Do not, however, criticize or bring up ultimatums. Things like “last year you did not try very hard so this year I expect you to do better …” or “you better work hard this year or there’d be no play-dates …” or “I don’t want to hear bad things from your teacher about you like I did last year …”–they wound, not help. Shame strips hope away and erodes confidence. Absolutely vent your frustrations and fears to other adults you are close to but not in the presence of the child who evokes them–you need a soft place to fall but it should not be your child who provides it for you …

No child wants to do badly in school or to misbehave. Using last-years woes (over which the child now has no control anyway) as leverage for this year demands does little to give motivation. Failure will happen–we all misstep, we all make errors, have bad days, act out sometimes, forget, neglect to follow some direction. If the child enters school afraid or disillusioned they may reach conclusions that it is not worth the try if they are already half-way into punishment …

So … be on the child’s side. Encourage. Inspire. Allow a new beginning and fresh hope and confidence. You don’t need to praise failure or ignore hardship, but you can find a way to re-frame difficulties through effort and maturation. “I know that last year was challenging at times but I am so excited to see how much you have matured this summer” and “Let us work together to make this year the best year yet both in school and at home.”

Prepare. School supplies and school clothing are important. So are arranging schedules and anticipating needs and letting the child be part of whatever decisions they can have some input for and control over. Familiarity with routines is important for any child but even more so for the child who may need help with comprehending and following cause-and-effect, sequence, and directions.

How to do it? Talk about the coming schooldays’ schedule. Point out when school starts and ends, how long things take (the school bus, getting home, homework), what other things will need to be accommodated. Discuss the merits of good sleep and healthy nutrition, negotiate (or explain) a clear a time to rise and time to go to bed, time for other tasks as needed. This arranging of routine and timetable can be made fun–life should be looked forward to and manageable–after all, there are so many amazing things to find out and adventures to be had!

To make things more concrete and minimize the need to hold all the details in memory, you can draw a visual schedule together: clocks with crucial times to follow, lists of things to do each morning and after-school, timetables for after-school activities and therapies. This preparation will be further enhanced if you review the school schedule (and any unusual things like holidays and school trips) over weekends so the child knows what’s expected and what to expect.

Make sure you leave time for the child to have unstructured play. Ensure there is some time for boredom, too. In this day and age when life is busier and schooldays long and demands overwhelming, it is difficult to fathom children given time to daydream and get bored. However, these are crucial for imagination, creativity, rest, and assimilation. Children will daydream–might as well make time for it so it does not take place in class or during homework.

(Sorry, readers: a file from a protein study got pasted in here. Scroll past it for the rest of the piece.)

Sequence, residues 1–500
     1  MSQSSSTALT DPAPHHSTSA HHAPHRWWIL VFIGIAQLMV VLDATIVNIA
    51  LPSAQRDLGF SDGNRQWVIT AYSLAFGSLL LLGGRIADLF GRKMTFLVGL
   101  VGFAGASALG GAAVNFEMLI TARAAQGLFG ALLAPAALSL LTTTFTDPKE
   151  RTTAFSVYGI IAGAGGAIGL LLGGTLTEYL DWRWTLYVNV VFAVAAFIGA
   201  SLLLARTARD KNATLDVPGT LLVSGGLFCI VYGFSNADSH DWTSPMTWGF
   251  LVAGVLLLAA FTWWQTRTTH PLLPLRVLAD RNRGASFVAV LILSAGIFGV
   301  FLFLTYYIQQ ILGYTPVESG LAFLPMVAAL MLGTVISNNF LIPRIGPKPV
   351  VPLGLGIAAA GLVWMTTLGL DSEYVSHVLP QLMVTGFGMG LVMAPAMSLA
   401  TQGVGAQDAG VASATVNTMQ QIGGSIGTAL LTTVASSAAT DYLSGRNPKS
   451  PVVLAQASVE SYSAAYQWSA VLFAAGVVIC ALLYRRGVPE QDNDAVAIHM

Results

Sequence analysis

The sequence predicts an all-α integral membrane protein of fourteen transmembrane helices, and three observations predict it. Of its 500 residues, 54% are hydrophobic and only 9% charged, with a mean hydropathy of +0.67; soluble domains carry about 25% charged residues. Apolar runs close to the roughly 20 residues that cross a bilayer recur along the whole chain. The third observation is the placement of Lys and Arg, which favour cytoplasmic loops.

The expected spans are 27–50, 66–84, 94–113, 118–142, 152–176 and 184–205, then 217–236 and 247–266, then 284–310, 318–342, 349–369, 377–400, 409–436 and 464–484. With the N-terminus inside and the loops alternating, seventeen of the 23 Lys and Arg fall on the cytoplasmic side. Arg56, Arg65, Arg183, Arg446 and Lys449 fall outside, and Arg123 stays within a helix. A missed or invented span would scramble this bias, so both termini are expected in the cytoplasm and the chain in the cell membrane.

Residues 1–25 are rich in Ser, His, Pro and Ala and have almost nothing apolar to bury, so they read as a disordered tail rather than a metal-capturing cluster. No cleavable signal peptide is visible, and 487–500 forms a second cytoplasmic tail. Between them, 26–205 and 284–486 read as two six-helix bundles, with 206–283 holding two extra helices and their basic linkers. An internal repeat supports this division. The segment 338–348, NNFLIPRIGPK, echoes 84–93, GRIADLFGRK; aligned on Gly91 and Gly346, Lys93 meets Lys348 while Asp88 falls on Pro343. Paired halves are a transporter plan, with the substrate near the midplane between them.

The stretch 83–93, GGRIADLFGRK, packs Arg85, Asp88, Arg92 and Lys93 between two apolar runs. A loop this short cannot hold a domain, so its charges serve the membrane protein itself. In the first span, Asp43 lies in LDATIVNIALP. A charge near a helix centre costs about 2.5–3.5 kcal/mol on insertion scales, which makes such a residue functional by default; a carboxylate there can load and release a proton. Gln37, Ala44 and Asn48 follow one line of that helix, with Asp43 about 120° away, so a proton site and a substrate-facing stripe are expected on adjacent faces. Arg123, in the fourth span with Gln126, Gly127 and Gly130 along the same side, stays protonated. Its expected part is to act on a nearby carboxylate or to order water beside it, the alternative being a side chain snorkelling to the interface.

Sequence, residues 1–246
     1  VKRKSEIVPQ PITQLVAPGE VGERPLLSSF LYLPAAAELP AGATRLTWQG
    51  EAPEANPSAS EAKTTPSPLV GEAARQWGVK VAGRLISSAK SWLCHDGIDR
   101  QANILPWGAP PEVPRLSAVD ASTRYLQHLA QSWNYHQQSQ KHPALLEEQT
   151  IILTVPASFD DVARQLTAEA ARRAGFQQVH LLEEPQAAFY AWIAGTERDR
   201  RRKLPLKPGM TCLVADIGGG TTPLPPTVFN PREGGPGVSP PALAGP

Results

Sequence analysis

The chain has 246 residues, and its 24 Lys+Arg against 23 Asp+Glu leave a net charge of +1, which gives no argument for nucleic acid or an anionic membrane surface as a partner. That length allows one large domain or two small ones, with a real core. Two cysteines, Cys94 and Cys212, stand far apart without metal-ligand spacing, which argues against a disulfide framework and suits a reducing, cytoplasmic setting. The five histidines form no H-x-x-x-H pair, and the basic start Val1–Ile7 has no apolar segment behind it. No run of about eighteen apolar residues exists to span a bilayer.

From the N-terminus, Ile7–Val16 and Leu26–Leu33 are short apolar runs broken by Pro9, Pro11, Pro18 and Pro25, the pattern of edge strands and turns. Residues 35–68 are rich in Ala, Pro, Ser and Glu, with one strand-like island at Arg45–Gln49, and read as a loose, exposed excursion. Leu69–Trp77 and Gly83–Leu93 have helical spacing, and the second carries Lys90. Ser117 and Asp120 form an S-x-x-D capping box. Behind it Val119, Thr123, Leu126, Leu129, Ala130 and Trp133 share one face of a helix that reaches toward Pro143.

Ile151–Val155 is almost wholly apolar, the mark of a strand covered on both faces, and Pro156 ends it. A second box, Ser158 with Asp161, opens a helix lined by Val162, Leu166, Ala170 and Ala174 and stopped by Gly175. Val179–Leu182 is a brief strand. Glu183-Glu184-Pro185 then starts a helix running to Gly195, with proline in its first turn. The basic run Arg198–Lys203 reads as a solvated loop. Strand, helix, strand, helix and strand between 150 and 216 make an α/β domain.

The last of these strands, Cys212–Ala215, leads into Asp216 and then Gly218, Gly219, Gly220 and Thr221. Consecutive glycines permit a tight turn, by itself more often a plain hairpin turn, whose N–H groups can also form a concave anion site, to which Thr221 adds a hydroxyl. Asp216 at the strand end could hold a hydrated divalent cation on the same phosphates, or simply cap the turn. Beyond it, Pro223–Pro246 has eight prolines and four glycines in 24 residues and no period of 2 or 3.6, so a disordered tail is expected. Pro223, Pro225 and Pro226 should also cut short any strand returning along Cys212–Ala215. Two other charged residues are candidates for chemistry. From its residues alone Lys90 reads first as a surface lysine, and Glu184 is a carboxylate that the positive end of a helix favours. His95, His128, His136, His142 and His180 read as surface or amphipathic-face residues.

Secure some time for reading and snuggles. Schedule it in. It is no less important than homework or baseball or tutoring. YOU reading TO the child, that is. Beyond the pleasure of connection and time together in story adventure, there is ample research showing it as a wonderful best way to increase their language and comprehension, to expose them to worlds beyond their own and deepen their listening. Reading to your child will enrich your connection and provide a time and place for shared relaxation as well as important opportunity for sharing what may otherwise not find a way to bubble up and be spoken of.

Preparing the school staff is helpful, too, if special accommodations or understanding are required. Consider speaking with the school ahead of time (or early in the school year) so that you limit your child needing to stand out as different or wait for accommodations. You’ll also get a sense to who the teachers are and which one may call for more teamwork and coordination than others.

Prepare yourself, as well … Not for the hardship, but for self-care. See that you not forget your own needs for good food, enough sleep, time to breathe, to exercise, to call a friend, to laugh, to cuddle. Stress is no more good for parents than it is for children …


It is a tender and exciting time, this back to school adventure of new beginnings. Even as it may awaken the frayed remnants of old worries, it offers amply opportunity for building confidence and bolstering hope. It is filled with growth and re-connection. May the cooler weather and the changing times herald soft days and brilliant colors, and may it bring on glorious learning ready to unfold.

Happy Back To School to All!